But, obviously, they did say something to someone sometime.  If they hadn’t, we wouldn’t be sitting here today celebrating the resurrection!  At some point, the women’s terror shifted to joy.  

If you read past today’s resurrection story in the Gospel of Mark, you’ll see the work of a couple of nervous editors.  The women leaving the empty tomb in fear saying nothing to anyone…that wasn’t going to get a movement started.  “The women fled the tomb in terror and didn’t say anything to anyone.  Come join our movement!”  So, some editors got creative and filled in the blanks.  And immediately they reported all these instructions to Peter and his companions.  After this, through them, Jesus sent forth the holy and imperishable proclamation of eternal salvation.  Whew!  Problem solved.

To be clear, the two Marys and Salome must eventually have gotten to joy from terror.  But the original ending of the story–with the women still focused on crucifixion– suggests that getting from terror to joy doesn’t turn on a dime.  It takes time.  Sometimes, a lot of time.

But something that might help, as Jurgen Moltmann suggests, is facing squarely the terror and the circumstances that are causing it, then find God in the midst of the terror, in the midst of the suffering.  If we face the terror squarely, if we experience the suffering, if we experience God’s presence in the midst of the suffering, then we’ll be able to experience the joy.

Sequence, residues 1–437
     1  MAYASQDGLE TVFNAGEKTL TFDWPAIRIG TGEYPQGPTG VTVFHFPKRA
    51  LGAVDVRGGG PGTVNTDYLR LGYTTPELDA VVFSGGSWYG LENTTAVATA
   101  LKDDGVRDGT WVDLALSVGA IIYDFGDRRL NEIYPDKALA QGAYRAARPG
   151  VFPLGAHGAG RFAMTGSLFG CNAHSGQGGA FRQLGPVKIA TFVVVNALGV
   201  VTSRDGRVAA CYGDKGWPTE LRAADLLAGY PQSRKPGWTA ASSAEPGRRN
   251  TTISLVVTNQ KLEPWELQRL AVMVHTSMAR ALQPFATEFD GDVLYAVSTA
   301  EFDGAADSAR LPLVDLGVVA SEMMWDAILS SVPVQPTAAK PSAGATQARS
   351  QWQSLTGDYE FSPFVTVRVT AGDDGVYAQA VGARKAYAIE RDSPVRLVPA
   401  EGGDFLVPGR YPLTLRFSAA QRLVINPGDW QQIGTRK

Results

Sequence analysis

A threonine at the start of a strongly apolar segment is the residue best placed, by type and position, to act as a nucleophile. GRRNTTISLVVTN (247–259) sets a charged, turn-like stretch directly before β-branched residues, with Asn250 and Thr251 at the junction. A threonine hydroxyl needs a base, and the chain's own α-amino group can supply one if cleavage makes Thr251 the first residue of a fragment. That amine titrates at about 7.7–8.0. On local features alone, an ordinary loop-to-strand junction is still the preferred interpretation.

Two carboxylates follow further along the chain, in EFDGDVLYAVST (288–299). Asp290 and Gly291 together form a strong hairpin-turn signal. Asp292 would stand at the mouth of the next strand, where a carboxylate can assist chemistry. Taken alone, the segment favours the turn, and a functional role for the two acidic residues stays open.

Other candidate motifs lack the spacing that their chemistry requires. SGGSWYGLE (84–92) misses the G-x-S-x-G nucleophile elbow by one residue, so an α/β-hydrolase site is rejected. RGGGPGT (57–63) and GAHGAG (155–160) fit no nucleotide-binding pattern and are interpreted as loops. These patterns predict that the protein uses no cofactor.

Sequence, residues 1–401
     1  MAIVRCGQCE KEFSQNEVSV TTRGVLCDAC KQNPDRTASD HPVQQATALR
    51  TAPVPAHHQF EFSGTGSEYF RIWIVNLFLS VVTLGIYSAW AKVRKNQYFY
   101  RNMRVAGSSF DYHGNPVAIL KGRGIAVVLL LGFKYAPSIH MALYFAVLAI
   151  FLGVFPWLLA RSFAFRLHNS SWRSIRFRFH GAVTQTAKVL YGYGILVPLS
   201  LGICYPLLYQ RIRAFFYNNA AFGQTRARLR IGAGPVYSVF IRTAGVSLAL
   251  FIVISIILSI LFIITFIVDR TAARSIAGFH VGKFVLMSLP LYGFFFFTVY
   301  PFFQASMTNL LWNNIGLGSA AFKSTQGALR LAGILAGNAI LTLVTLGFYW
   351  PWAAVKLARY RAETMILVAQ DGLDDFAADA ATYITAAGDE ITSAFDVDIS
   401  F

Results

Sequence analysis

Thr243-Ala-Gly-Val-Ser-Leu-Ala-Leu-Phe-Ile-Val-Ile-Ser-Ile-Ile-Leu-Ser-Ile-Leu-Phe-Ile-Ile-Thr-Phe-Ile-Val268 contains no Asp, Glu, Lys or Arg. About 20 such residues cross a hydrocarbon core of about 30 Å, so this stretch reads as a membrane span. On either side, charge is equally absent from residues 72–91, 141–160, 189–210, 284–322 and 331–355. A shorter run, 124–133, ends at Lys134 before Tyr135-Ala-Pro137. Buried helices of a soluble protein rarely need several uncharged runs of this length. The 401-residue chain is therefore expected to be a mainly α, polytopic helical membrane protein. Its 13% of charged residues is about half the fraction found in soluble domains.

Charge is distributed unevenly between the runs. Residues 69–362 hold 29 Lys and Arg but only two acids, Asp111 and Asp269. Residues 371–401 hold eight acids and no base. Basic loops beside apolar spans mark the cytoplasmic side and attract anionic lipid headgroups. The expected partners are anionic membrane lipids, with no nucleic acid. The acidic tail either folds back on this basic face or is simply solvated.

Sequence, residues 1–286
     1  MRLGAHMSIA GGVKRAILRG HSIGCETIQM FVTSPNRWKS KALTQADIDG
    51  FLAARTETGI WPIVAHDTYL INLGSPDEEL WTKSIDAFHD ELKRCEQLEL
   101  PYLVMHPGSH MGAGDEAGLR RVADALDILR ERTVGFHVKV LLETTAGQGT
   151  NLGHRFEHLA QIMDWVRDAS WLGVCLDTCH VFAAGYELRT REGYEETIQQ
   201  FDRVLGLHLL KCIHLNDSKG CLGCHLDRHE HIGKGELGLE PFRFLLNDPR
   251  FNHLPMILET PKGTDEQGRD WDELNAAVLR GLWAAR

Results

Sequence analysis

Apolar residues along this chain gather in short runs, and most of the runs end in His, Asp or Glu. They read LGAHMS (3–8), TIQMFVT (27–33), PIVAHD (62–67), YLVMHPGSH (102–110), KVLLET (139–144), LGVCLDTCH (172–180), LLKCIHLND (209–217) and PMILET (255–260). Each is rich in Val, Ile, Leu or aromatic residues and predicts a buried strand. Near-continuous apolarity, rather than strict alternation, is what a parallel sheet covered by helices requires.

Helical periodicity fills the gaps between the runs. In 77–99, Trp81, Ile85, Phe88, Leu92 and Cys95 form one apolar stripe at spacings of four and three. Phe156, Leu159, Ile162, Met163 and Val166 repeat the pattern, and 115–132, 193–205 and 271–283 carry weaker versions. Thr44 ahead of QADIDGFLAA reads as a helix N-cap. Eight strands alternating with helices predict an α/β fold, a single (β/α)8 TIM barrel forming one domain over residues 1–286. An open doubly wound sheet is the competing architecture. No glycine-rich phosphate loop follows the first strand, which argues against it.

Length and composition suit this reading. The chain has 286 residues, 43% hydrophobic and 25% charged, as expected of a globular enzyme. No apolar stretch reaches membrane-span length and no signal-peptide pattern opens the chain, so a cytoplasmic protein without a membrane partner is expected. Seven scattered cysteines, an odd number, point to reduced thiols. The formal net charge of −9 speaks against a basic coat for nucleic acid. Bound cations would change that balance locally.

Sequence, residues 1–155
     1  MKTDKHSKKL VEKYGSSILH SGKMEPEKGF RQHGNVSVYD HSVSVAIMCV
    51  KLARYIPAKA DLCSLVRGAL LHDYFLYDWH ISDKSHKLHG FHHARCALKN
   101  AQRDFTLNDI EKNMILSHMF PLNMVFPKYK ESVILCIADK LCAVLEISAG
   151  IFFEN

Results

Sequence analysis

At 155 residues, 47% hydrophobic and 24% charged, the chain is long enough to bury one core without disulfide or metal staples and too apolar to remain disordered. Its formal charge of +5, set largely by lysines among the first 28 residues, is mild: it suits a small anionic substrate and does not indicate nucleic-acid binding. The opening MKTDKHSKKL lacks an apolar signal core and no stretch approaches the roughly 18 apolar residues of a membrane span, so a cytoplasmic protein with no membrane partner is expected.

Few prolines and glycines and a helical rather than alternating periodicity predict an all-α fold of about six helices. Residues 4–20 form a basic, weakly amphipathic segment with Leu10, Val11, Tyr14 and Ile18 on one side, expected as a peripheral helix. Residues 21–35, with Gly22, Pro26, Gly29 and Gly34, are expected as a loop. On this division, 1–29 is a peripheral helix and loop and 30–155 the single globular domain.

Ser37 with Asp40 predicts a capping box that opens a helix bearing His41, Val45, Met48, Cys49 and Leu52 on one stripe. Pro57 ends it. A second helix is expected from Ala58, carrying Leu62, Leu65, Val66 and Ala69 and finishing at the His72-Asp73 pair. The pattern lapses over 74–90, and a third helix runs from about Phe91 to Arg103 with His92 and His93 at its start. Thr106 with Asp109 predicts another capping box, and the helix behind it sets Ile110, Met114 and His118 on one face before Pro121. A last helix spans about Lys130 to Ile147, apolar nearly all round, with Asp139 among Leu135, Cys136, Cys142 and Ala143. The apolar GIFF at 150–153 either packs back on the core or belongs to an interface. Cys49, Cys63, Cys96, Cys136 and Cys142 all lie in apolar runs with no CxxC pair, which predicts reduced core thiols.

In July 2018, 39 of us made a pilgrimage to Montgomery to visit the newly-opened National Memorial for Peace and Justice, also known as the Lynching Memorial.  The Memorial consists of large, metal pillars suspended from the structure’s ceiling.  The likeness to hanging bodies is clear.  Each pillar represents a county in which lynchings occurred.  The names of victims and dates of their deaths are recorded on each pillar.  

Descended from slaveholders, I joined the pilgrimage with trepidation.  When I learned of my family’s slaveholding past, the feelings of guilt nearly incapacitated me.  How could people with my DNA think they could own other human beings?  How could I ever atone for their cruelty?  How could I, a white Southerner descended from slaveowners, do anything in the cause for racial justice?